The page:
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Horm Behav. 2007 May;51(5):569-78. Epub 2007 Mar 30.

A contextual definition of male sexual arousal.

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  • 1Department of Psychology, University of Connecticut, Storrs, CT 06269-1020, USA.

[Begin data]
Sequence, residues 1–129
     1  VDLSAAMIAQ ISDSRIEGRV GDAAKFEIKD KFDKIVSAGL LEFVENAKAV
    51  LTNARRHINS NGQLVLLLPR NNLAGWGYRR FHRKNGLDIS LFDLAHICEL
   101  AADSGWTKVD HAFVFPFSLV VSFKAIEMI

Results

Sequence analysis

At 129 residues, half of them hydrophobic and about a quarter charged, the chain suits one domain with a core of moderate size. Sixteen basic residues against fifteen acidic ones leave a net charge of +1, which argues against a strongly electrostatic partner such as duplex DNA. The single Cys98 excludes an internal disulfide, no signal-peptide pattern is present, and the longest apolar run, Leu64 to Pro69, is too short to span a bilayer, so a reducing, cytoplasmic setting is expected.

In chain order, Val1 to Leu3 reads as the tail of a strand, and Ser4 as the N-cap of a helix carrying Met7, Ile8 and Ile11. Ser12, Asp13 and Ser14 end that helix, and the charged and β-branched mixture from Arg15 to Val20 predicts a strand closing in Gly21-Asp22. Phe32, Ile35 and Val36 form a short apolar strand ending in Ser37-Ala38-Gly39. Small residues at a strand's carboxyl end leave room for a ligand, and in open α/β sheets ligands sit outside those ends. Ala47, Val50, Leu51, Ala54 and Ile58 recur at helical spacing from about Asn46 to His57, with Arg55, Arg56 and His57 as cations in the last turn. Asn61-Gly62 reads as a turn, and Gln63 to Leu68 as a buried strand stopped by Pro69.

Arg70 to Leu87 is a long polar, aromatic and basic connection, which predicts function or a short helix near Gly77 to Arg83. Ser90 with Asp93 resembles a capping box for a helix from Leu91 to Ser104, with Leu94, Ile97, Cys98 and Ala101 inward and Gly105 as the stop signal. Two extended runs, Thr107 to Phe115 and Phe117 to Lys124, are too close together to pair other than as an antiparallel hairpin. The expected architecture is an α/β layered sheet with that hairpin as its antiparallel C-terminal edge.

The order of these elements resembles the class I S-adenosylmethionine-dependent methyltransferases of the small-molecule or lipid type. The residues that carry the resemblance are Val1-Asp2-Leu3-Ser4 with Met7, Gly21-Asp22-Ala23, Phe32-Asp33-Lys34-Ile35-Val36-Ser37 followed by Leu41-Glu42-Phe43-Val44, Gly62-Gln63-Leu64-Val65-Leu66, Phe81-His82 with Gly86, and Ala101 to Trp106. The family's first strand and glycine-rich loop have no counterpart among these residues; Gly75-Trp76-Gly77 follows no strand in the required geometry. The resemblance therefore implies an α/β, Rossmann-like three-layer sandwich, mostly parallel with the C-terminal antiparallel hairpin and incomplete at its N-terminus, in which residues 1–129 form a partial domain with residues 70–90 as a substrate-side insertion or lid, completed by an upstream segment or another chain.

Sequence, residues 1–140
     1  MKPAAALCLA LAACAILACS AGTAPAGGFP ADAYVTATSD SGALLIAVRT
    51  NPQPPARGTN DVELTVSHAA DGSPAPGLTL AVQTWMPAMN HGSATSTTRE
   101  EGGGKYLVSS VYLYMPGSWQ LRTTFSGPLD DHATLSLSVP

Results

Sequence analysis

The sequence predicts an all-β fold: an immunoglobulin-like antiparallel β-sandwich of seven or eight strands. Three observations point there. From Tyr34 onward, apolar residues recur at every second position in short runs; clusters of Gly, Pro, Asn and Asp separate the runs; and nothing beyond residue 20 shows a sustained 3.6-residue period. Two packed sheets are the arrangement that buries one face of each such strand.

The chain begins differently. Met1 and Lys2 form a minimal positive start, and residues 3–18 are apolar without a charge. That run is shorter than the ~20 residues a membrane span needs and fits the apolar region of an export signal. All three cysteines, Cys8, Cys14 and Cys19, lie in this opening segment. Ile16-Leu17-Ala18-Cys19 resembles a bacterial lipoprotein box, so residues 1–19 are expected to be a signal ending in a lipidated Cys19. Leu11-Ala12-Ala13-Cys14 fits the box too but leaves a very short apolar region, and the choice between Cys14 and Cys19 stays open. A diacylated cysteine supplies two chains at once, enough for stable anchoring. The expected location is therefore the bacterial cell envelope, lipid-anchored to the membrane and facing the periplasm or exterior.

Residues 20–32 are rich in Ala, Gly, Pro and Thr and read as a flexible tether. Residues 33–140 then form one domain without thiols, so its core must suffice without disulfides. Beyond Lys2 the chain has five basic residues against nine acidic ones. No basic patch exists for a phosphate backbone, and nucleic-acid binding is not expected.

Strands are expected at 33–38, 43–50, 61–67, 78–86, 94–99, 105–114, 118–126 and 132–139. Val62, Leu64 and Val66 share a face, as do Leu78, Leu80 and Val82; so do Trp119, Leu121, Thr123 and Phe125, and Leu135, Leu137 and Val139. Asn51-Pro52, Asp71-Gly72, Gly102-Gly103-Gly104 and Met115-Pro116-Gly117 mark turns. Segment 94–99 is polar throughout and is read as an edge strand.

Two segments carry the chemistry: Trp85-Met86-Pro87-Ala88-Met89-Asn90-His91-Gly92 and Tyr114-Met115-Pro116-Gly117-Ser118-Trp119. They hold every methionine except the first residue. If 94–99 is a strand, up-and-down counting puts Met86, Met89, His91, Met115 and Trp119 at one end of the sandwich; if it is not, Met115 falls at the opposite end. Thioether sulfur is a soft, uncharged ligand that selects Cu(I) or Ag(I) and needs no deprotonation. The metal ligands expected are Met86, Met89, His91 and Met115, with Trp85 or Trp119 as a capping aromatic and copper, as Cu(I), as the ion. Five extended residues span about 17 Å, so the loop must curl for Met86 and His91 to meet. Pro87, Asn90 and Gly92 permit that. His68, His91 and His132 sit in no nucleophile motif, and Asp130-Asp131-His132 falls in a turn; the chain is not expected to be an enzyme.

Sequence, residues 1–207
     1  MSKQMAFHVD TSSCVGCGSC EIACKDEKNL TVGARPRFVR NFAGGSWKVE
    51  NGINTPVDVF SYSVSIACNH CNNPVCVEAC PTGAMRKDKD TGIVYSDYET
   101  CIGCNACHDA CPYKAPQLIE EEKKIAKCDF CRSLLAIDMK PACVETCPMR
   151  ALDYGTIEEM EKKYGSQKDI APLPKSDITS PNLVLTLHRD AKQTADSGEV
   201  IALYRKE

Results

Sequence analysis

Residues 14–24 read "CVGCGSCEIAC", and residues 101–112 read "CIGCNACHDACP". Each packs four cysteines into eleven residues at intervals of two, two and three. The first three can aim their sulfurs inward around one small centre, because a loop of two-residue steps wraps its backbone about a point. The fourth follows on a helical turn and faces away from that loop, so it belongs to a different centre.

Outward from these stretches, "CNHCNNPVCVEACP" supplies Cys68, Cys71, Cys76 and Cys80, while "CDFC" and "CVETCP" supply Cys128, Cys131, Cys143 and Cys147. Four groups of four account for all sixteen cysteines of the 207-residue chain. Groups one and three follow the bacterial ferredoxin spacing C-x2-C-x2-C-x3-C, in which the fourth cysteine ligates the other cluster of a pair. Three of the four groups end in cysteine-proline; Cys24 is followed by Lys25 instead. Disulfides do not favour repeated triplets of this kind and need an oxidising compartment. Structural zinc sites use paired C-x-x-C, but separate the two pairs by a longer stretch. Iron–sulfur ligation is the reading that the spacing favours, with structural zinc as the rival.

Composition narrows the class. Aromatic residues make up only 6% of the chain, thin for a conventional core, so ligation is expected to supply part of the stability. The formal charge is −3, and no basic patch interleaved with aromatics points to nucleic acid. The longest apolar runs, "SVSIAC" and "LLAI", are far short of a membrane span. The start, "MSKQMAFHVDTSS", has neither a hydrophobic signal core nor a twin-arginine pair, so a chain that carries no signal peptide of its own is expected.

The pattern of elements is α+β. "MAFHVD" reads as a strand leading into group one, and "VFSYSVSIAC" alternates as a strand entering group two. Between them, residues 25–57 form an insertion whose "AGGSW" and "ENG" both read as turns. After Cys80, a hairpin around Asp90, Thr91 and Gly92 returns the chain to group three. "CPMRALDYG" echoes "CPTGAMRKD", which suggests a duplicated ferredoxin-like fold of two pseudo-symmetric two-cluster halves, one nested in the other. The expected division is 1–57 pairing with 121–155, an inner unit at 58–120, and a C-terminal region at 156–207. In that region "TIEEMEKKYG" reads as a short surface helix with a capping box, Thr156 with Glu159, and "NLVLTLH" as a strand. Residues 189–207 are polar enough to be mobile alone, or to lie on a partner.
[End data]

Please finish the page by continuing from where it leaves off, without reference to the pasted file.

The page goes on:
Sexual arousal is a construct without a widely shared definition. Historically, sexual arousal has usually referred to a central physiological state, but there has been much less agreement on its relation to motivation, emotion, and - for males - penile erection and ejaculation. Many behavioral and physiological measures have been used as operational definitions of sexual arousal, but the relation of the measure to arousal is often assumed rather than tested. For men, penile erection in the presence of erotic stimuli has been considered the most reliable and valid indicator of sexual arousal. The adoption of analogous criteria is recommended for research on other male mammals in order to establish a minimal basis for inferring that they are sexually aroused. That is, sexual arousal should be inferred only when penile erection is observed in a sexual context. A sexual context is provisionally defined as an environment that tends in most reproductively active males of the species to provoke further sexual stimulation, e.g., copulation or self-stimulation to ejaculation. Erection occurring outside of a sexual context, as during REM sleep or from injection of drugs, is not grounds for inferring arousal. Conversely, males engaging in behavior directed toward estrous females may be sexually motivated, but in the absence of erection, the males should not be assumed to be sexually aroused. Implications of other erection-context interactions are also considered. Adoption of these more conservative criteria for inferring sexual arousal may promote greater precision in identifying the physiological systems mediating this hypothetical construct.

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